“Let’s eat Evelyn,” versus “Let’s eat, Evelyn.”

If you want to be clearly understood there’s no way around it. You need to learn punctuation rules or hire an editor.

A typed page of writing with editorial markup shown in red pen.

Words start to be used as compounds and hyphens are inserted between them. 

Other compounds lose their hyphens and become singular words. An editor keeps track of all these evolutionary changes.

It’s a big job knowing a dictionary back to front, but an editor will generally know common usage without referring to the dictionary.

They likely have a shortcut on their screen to locate a current usage within seconds.

An editor will know when to use ‘which’ and ‘that’ – and this small interchange is the difference between amateur and professional content.

Some people avoid punctuation because they’d rather have an absence of it than an error. If that’s you, consider this sentence:

“Let’s eat Evelyn,” versus “Let’s eat, Evelyn.”

If you want to be clearly understood there’s no way around it. You need to learn punctuation rules or hire an editor.

Why you should worry about editorial style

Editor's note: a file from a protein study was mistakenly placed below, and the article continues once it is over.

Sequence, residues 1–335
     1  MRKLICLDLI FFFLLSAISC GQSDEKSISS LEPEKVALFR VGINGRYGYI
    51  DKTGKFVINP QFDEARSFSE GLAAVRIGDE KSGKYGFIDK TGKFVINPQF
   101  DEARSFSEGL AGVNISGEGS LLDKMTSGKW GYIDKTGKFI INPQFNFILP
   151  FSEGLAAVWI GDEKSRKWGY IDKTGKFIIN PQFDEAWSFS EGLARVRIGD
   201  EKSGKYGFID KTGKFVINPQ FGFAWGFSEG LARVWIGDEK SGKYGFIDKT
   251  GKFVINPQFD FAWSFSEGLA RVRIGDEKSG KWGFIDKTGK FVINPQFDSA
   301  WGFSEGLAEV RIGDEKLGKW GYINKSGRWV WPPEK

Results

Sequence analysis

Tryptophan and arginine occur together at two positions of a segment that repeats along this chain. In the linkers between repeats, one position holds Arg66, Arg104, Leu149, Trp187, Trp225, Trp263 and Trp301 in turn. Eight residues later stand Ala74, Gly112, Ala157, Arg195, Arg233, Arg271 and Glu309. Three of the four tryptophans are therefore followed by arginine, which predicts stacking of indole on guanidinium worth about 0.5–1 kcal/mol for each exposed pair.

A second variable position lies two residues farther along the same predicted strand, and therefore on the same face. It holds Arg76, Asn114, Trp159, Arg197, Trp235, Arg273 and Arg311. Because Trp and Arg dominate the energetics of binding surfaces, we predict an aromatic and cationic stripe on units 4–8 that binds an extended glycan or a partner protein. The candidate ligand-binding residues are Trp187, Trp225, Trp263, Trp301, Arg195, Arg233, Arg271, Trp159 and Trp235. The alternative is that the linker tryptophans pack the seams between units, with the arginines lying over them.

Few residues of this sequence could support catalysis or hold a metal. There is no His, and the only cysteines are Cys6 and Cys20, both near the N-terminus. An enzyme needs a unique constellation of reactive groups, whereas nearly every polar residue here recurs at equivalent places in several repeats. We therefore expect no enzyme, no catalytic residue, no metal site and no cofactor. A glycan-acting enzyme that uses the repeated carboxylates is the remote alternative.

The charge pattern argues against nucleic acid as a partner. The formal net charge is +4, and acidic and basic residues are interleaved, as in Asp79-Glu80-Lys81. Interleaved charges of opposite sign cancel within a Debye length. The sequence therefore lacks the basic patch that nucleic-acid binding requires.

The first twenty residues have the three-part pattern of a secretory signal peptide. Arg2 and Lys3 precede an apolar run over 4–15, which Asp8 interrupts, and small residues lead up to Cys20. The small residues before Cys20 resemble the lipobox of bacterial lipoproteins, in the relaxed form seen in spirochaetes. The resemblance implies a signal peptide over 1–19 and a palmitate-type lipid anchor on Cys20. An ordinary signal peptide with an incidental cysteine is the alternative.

Style is closely related to consistency.

If a medical college uses upper case ‘C’ in ‘College’ in all instances, then that style needs to be consistent throughout the content, or the readers become confused and distracted.

It’s also about saying the same thing in the same way throughout a document. For example, Jacaranda University shouldn’t be shortened to ‘Jacaranda uni’ in the same piece of content.

You also wouldn’t use ‘and’ and an ampersand ‘&’ in the same document (unless it were in a company name), and you wouldn’t punctuate lists differently in the same document.

Consistency is important because it builds reader confidence and reduces distractions in the text.

It also demonstrates clearly that the content has been created by professionals, which is exactly what you want. It’s difficult for readers to trust content when it has errors and inconsistencies.

Even if the writer is highly qualified in their field, errors can devalue their authority and make them look like amateurs.

A style guide also clearly defines a brand’s tone and voice. It lets us know the differences between the brand’s usage and common usage – and there are often idiosyncrasies based on the preferences of the people in charge.

You can download the free Textshop Editorial Style Guide on this page.